2024 Hyundai Kona Review: Bigger, Bolder, Better

hyundai-kona-2024-01-exterior-front-angle 2024 Hyundai Kona | photo by Jonathan Earley
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Senior Research Editor Damon Bell has more than 25 years of experience in the automotive industry, beginning as an Engineering Graphics researcher/proofreader at model-car manufacturer Revell-Monogram. From there, he moved on to various roles at Collectible Automobile magazine and Consumer Guide Automotive before joining in August 2022. He served as president of the Midwest Automotive Media Association in 2019 and 2020. Email Damon Bell

The verdict: The redesigned 2024 Hyundai Kona gains striking new styling, lots of new features and upsized dimensions that provide better backseat space and cargo room than the previous-generation model.

Versus the competition: The Kona’s upsized dimensions mean its backseat space and cargo volume are now on par with larger subcompact SUVs like the Chevrolet Trax, Honda HR-V and Kia Seltos. The Kona also boasts a number of upscale available features that aren’t offered on class rivals.

When it debuted for the 2018 model year, the Hyundai Kona was the smallest model in Hyundai’s SUV lineup, but it’s been moving up in the world ever since. An all-electric Kona Electric variant joined the line for 2019, and with the launch of the pint-sized, penny-pinching Venue for 2020, the Kona no longer occupied the bottom rung of Hyundai’s SUV ladder (though it can be argued the Venue isn’t a “true” SUV since it doesn’t offer all-wheel drive). A substantial refresh for 2022 brought the Kona racier styling, upgraded tech features and a high-performance Kona N variant.

For 2024, the Kona is really growing up. It’s been fully redesigned on a new platform that’s around 2 inches longer in wheelbase and almost 6 inches longer overall than the previous-generation model, which benefits both backseat space and cargo volume. It also gets new striking, futuristic styling and several newly available features, including an integrated 12.3-inch digital gauge cluster and 12.3-inch infotainment touchscreen, a 360-degree camera system, ventilated front seats and a hands-free power liftgate.

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I drove AWD examples of the top-line Limited and sport-themed N Line trim levels at the 2024 Kona’s press preview event in Baltimore, where I sampled many of these enhancements. (Per our ethics policy, pays for its own airfare and lodging when attending such manufacturer-sponsored events.) The first-generation Kona was already one of our favorite small SUVs, and the new model ups the ante with noteworthy improvements on almost every front.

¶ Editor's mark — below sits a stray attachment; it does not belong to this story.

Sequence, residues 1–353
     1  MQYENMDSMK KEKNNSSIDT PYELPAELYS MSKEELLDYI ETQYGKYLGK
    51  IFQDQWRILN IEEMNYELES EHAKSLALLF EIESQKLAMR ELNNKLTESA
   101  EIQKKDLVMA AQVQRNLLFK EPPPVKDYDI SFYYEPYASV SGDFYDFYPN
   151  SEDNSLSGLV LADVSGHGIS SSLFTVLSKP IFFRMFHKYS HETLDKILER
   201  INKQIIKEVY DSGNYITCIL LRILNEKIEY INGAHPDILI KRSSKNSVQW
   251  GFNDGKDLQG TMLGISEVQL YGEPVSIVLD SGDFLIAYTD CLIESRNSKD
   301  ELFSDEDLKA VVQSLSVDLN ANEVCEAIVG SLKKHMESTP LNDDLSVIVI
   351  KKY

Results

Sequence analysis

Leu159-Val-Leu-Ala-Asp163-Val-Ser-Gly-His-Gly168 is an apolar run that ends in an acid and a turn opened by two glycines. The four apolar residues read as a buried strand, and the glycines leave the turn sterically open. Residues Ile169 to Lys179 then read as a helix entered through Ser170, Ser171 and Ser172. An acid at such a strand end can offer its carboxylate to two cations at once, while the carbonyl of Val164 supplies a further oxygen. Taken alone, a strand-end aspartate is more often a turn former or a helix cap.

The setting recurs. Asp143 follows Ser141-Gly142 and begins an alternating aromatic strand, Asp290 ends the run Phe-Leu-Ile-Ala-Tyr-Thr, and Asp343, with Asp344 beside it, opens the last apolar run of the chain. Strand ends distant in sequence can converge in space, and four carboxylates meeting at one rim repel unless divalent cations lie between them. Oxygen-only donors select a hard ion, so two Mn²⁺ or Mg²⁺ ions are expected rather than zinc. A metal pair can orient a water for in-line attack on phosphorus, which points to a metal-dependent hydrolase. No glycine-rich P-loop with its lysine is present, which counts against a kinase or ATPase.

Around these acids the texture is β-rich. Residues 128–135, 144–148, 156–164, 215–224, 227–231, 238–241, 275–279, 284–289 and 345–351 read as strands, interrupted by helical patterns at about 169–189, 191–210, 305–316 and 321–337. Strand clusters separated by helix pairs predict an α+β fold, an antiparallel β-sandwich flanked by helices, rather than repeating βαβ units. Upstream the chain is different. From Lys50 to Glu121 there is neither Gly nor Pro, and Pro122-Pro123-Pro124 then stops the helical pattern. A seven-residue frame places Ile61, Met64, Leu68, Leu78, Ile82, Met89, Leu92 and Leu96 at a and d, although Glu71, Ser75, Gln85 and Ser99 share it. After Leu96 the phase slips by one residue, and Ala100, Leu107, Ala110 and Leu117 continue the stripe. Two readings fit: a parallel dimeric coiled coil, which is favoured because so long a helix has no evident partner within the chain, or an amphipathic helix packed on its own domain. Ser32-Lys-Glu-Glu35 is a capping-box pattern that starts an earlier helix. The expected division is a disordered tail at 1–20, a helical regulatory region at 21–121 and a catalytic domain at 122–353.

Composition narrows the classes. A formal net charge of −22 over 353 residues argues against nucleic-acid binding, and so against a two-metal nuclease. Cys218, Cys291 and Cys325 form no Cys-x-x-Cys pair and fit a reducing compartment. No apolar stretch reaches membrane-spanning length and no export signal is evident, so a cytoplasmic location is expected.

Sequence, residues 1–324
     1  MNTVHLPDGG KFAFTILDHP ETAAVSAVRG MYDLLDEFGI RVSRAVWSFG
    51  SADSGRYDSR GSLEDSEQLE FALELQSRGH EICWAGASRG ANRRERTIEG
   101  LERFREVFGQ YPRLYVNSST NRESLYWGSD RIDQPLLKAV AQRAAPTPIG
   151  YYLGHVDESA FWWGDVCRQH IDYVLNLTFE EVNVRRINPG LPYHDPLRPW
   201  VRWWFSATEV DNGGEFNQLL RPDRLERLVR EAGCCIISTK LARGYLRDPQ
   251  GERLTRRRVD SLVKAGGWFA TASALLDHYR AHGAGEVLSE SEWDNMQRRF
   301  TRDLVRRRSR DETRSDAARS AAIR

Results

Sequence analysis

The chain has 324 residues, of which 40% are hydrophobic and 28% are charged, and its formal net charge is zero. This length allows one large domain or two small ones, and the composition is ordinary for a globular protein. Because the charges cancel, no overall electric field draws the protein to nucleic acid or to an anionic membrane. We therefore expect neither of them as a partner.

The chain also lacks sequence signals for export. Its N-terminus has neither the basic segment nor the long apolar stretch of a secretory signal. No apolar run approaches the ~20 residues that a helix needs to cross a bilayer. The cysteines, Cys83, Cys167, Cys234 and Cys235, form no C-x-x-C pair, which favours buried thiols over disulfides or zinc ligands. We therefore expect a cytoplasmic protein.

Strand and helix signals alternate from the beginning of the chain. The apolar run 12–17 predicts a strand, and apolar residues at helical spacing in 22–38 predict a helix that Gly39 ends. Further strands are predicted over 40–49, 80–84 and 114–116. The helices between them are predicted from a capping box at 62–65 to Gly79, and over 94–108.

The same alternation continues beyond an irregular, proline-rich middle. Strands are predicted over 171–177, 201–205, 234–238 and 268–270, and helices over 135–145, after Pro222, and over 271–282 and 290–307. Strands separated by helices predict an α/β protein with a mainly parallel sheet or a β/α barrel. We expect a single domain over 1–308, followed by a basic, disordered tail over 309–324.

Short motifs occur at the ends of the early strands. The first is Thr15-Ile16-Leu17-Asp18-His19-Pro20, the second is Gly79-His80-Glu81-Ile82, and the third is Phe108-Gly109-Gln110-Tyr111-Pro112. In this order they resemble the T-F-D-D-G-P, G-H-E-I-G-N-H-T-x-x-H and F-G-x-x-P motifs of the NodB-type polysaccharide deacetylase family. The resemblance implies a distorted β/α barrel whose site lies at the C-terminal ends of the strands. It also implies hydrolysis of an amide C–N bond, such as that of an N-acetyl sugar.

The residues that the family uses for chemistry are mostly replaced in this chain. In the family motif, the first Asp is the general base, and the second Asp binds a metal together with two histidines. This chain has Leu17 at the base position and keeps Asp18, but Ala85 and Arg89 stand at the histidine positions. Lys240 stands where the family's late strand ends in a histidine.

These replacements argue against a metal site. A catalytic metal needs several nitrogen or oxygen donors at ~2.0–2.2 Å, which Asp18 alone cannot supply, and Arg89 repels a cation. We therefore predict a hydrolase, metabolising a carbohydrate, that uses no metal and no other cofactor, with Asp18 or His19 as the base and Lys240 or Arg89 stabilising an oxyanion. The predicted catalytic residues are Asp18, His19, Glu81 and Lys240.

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Bold, Design-Forward Styling

The new Kona carries over the bobtailed proportions and general styling motif of the previous-generation model, but it gets a futuristic new look via slim LED light bars front and rear and sharp bodyside sculpting. The full-width light-bar treatment gives the Kona’s front-end styling a sleek, mildly sinister attitude that reminds me of a Cylon from the original “Battlestar Galactica” (in a good way).

SE, SEL, N Line and Limited trims continue, each offering the choice of front-wheel drive or AWD. The all-electric, front-drive-only Kona Electric variant is slated to launch later in the model year, but the racetrack-ready Kona N has been shelved (at least for the near future). All gas-engine Konas get active grille shutters that automatically open for powertrain cooling and close for optimized aerodynamic performance.

The N Line wears body-color wheel-arch cladding and rocker-panel trim instead of the more SUV-like dark-satin-finish embellishments of the other gas-engine Konas, along with exclusive sporty touches like an aggressively styled front end with mesh grille inserts, a diffuser-style rear bumper with polished dual-exhaust tips, uniquely styled 19-inch alloy wheels and a prominent liftgate spoiler.

The Same, But Smoother

The previous Kona’s power plants carry over with minor updates. The base engine (which we didn’t have the opportunity to test at the preview event) is a 147-horsepower, 2.0-liter four-cylinder paired with a continuously variable automatic transmission. Both the N Line and Limited get the Kona’s step-up engine: a 190-hp, turbocharged 1.6-liter four-cylinder that’s now mated to an eight-speed automatic transmission instead of the previous seven-speed dual-clutch automatic.

The new gearbox is a welcome change. Like many dual-clutch transmissions, the previous Kona’s seven-speed unit sometimes delivered the engine’s power in an abrupt, nonlinear fashion. The new eight-speed has a smoother, more conventional feel; its upshifts and downshifts are timely and relatively seamless. It’s worth noting that the Kona’s corporate cousin, the Kia Seltos, offers its own version of this turbo four-cylinder and eight-speed automatic pairing for 2024.

Behind the Wheel

With the turbo 1.6-liter engine, the Kona is one of the peppier contenders in the subcompact SUV class; only the 2.5 Turbo versions of the Mazda CX-30 and the significantly more expensive Mini Countryman John Cooper Works are notably more powerful. The Kona’s acceleration is satisfyingly brisk in around-town driving and on the highway, though part of me wishes Hyundai would have seen fit to give the N Line variant a spicier power plant to fulfill the promise of its sporty styling add-ons.

Likewise, the N Line also makes do with the Kona’s standard suspension — no sport tuning here — so it rides and handles the same as the Limited, which also has 19-inch alloy wheels. Both of these Konas strike a decent balance between cornering capability and ride quality, though we didn’t encounter any truly rough roads on our drive routes. The nicely weighted steering and tidy exterior dimensions make for easy maneuvering, and the handling is crisp and competent, if not overtly sporty. Hyundai has taken a few additional noise-abatement measures with the new Kona, so it’s respectably quiet for a subcompact SUV — engine, road and wind noise are all decently muted.

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Upsized Interior

The Kona’s backseat space and cargo area used to be on the smaller side of the subcompact SUV class, but not anymore: According to Hyundai’s measurements, rear legroom grows by 3 inches and cargo volume by 6.3 cubic feet behind the rear seats and 17.9 cubic feet with the rear seatbacks folded. The Kona’s occupant and cargo capacity are now fully competitive with larger subcompact SUVs like the Seltos, Honda HR-V, Subaru Crosstrek and Toyota Corolla Cross. What’s especially impressive is that Hyundai has managed to incorporate this expanded capacity while maintaining comparatively tidy exterior dimensions; the Kona is still significantly shorter in overall length than the HR-V, Crosstrek and Corolla Cross.